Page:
Oct 04The Power of Home | Affordable Housing as a Platform for Transformation
Authored by: Joe Thompson
Mercy Housing Northwest President
At Mercy Housing Northwest (MHNW), affordable housing is a platform for positive transformation, especially for our youth. Bellingham’s Sterling Meadows Apartments is a shining example.
Over the last decade-and-a-half, youth who have attended our out-of-school time programs at Sterling Meadows Apartments have attained on-time graduation rates which outpace those of the wealthiest locales across the state. From 2013-2020, the graduation rate averaged 98%. Thanks to a recent $1.5M investment courtesy of the Adrian Dominican Sisters, we’ll be able to expand our K-12 education programming by creating comprehensive out-of-school time programs enhanced by literacy and math curricula at eight other family properties. This initiative will serve up to 1,000 children and youth in kindergarten through 12th grade annually in Washington and Oregon.
Crystal Morales, who was a resident of Sterling Meadows and an avid participant of its onsite out-of-school time program, and Crystal’s mentor Lindsey Karas, embody transformational success. Crystal’s parents are agricultural workers who immigrated from Mexico and wanted Crystal and her siblings to have stable housing and educational opportunities. A first-generation U.S. citizen, Crystal was inspired by Lindsey, who first volunteered at Sterling Meadows during her Western Washington University college years and mentored Crystal and her siblings during the out-of-school time program and homework club. Lindsey discovered that like Crystal’s parents, the majority of residents at Sterling Meadows were immigrants and agricultural workers and that, historically, the school systems had failed to create meaningful engagement with these students and their parents. This was illuminated by the extremely low high school graduation rate of Sterling Meadows residents, which typified broader statistics.
“There was a lot of blatant bias and even racism in the school system at the time,” said Lindsey, who joined the MHNW staff after graduation from college as a Resident Services Coordinator and now oversees eight properties, “and there were almost no Spanish language resources available.” This contributed to the lack of parent engagement and overall mistrust of schools in the area. Lindsey was instrumental in building connection, trust and understanding among the youth residents at Sterling Meadows, their parents and local schools. She helped establish dedicated space and resources that allowed Sterling Meadows youth to focus on homework, connect with each other and learn to advocate for themselves at school. Growing a network of partnership and collaboration across the community with school districts, Western Washington University and multiple local organizations was critical. MHNW helped foster what Lindsey calls a “change in educational culture” that led to the near-100% graduation rate from 2013-2020.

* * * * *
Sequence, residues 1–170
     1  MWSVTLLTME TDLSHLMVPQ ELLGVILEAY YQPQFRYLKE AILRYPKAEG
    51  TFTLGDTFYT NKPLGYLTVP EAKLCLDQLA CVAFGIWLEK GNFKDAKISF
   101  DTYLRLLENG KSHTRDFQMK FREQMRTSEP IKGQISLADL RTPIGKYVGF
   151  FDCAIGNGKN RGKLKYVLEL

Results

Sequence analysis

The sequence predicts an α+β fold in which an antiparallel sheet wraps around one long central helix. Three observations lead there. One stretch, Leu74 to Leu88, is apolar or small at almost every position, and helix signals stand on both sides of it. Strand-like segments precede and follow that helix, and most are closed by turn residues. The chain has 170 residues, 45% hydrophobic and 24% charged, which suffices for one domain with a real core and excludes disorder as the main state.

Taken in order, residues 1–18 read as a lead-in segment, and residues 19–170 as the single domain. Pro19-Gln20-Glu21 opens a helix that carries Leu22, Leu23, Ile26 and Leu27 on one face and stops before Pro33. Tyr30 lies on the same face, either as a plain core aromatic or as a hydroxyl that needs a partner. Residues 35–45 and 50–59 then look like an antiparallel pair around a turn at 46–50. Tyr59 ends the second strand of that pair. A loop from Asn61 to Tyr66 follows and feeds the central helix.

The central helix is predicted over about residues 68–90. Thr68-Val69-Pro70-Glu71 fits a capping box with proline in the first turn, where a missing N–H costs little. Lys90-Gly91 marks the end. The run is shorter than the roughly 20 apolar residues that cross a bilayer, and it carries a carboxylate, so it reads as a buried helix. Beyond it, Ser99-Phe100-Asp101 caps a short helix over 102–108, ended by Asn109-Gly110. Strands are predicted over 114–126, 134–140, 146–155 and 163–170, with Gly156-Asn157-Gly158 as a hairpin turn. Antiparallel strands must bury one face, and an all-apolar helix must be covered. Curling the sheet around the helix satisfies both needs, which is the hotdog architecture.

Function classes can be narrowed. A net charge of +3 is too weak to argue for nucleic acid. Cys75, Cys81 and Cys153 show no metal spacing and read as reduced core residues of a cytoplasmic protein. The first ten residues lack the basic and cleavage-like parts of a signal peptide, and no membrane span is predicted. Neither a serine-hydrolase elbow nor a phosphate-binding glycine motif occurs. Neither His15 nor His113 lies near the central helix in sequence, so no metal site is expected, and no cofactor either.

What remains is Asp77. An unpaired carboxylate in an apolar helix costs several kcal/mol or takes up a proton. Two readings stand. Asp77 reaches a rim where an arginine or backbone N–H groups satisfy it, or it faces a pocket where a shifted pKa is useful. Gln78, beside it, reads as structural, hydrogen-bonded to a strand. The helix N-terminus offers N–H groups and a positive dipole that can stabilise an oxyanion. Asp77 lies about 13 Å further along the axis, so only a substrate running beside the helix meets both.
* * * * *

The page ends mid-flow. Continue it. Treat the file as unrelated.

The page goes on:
Lindsey and Crystal celebrate high school graduation
Crystal, like her mentor Lindsey, attended and graduated from Western Washington University, becoming the first to graduate college in her family.
Crystal celebrates college graduation
While attending college, Crystal was able to give back to her community by volunteering and interning at Sterling Meadows.
Crystal’s career goals have always been to help others in need. Her motivation comes from her parents. They came to the U.S. in search of opportunities for their children and experienced struggles in accessing resources and navigating complex school systems to help their children reach their educational goals. That changed dramatically when they moved to Sterling Meadows and met Lindsey, who loved the opportunity to work with and learn from the entire Morales family. Crystal has begun building her professional foundation so that she can be to others what Lindsey and MHNW were for her – an everyday advocate for education and the power of home.
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